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Wednesday, June 21, 2000

Ewa co-defendant’s
statements differ

Prosecutors may drop an
agreement with Hebaru over
conflicting testimony

By Gordon Y.K. Pang


Prosecutors say one of Michael Kahapea's former co-defendants in the Ewa Villages scam trial could be in trouble after giving conflicting statements in court.

Ewa Villages Trial Honolulu businessman Claude Hebaru testified yesterday morning that he received some $2 million in relocation payments from the city, money prosecutors say was paid for bogus claims.

Hebaru said Kahapea instructed him and a company he set up, Titan Moving and Hauling, to write cashier checks totaling $1.6 million to various subcontractors.

The remaining $300,000 to $400,000 was cashed and divided between himself and Kahapea, Hebaru said.

He also said he never gave Kahapea sheets of paper with Titan Moving and Hauling letterhead, paper prosecutors contend were used to create false bid documents.

Under cross-examination by defense attorneys yesterday, however, Hebaru said he and Kahapea split only $120,000 and that he gave Kahapea sheets of paper that were blank except for Titan's letterhead.

Hebaru, in April, pleaded no contest to five counts of first-degree theft, money laundering and failing to file tax returns.

Prosecutors then agreed to drop more than 40 other counts against him for his cooperation against Kahapea.

Deputy Prosecutor Randal Lee said conflicting statements made by Hebaru constituted a material breach of the agreement he had with prosecutors.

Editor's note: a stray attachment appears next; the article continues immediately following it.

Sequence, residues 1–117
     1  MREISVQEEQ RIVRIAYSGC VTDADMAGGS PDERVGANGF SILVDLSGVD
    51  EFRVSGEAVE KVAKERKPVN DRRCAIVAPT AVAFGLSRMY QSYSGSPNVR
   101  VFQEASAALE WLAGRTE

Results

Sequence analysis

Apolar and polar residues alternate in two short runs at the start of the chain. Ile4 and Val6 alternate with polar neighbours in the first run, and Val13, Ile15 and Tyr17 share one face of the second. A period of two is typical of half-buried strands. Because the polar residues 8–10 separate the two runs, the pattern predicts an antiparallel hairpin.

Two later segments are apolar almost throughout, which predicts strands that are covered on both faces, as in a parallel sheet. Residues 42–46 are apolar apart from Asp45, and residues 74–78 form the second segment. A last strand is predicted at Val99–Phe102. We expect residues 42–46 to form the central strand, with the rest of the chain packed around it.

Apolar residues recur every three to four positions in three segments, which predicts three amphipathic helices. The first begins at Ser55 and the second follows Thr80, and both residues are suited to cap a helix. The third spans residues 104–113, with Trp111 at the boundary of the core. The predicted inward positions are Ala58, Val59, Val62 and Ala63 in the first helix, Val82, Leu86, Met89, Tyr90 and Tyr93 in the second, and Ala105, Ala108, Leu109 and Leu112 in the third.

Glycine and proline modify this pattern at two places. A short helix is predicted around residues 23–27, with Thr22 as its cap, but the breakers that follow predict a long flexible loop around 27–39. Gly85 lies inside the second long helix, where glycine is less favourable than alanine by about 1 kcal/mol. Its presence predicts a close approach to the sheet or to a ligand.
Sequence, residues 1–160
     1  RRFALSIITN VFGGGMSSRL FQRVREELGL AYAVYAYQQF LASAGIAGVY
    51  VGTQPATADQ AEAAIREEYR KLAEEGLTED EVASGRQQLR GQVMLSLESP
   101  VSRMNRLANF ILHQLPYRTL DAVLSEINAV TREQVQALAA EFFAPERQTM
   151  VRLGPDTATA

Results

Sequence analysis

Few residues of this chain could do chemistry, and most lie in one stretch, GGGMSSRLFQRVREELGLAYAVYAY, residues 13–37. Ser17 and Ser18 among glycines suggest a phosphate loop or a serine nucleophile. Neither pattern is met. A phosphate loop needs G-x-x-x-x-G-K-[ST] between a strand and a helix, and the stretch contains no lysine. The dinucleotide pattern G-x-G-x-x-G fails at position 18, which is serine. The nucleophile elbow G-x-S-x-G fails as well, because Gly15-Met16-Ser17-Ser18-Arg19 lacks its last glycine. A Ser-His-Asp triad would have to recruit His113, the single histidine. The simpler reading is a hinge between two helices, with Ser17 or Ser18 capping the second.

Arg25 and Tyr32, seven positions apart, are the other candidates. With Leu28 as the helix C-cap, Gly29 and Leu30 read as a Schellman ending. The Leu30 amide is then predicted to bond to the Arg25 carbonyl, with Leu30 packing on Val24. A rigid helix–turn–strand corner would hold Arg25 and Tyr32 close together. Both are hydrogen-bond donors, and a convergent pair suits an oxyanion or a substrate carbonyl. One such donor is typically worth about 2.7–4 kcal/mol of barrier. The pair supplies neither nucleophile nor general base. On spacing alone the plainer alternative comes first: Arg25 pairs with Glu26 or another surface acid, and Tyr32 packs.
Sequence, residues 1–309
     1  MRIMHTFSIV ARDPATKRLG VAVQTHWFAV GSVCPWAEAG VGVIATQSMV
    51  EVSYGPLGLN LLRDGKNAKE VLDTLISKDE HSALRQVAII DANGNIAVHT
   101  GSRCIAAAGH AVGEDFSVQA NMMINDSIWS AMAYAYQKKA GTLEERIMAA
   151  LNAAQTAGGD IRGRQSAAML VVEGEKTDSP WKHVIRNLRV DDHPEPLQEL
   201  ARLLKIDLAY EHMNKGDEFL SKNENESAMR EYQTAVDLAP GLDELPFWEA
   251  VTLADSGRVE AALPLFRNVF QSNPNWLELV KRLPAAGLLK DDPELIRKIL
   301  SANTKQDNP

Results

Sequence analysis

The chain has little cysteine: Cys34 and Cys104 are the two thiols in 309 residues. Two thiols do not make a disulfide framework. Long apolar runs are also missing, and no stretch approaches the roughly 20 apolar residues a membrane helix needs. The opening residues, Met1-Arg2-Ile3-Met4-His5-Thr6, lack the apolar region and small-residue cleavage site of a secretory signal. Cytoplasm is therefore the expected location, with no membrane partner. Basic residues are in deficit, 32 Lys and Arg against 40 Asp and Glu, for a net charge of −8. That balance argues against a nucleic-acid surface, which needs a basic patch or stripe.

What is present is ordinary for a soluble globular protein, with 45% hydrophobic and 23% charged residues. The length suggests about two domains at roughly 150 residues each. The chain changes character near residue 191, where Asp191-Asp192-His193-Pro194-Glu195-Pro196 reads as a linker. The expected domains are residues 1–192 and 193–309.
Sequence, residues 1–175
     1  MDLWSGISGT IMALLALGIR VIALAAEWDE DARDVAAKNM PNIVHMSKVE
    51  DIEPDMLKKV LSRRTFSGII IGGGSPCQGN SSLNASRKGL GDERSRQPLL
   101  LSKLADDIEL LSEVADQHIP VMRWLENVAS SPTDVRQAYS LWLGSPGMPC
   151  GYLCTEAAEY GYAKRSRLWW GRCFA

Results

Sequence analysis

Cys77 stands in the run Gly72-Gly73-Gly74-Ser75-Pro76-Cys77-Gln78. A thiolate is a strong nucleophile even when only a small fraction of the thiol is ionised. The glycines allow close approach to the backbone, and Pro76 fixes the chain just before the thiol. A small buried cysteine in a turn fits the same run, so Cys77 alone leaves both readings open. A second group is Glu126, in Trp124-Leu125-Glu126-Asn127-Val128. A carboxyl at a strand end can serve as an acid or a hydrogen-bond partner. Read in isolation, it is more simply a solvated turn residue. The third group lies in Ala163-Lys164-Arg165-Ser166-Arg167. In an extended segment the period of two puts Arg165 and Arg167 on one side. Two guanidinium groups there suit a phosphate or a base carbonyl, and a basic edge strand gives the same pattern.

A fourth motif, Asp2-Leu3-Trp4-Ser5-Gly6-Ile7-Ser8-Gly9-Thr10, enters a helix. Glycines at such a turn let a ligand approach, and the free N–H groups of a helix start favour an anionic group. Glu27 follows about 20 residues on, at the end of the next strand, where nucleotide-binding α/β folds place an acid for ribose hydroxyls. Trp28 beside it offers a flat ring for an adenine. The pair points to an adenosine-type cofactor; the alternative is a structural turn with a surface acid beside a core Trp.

"We will be reviewing what transpired today in court and recommending to (Chief Prosecutor) Peter Carlisle that our agreement be set aside because of the breach," Lee said.

"That means he could be prosecuted for all the charges, we can hold him to whatever he's pleaded to, or file for enhanced sentencing," Lee said.

The latter could increase the maximum allowable sentence against him from 10 years in prison to 20 years, he said.

Lee added that his office did not agree to recommend leniency in sentencing for Hebaru's full cooperation except that it would "document what cooperation he's given us."

When asked on the stand by defense attorneys, Hebaru said he feared reprisals from prosecutors for his conflicting statements.

Hebaru's attorney, David Gierlach, could not be reached for comment at the end of yesterday's court proceedings.

Hebaru, while on the stand, acknowledged that he did no work for the money and that he now realizes what he did was wrong. The owner and president of Pest Management Hawaii, Hebaru said he first met and became acquainted with Kahapea at the Crystal Palace hostess bar in the late 1980s.

As his relationship with Kahapea grew, he said, the housing official approached him about making money by subcontracting relocation work at his behest.

Hebaru said he was going through difficult times financially, partly because he had a pregnant girlfriend and was trying to support two families at the same time.

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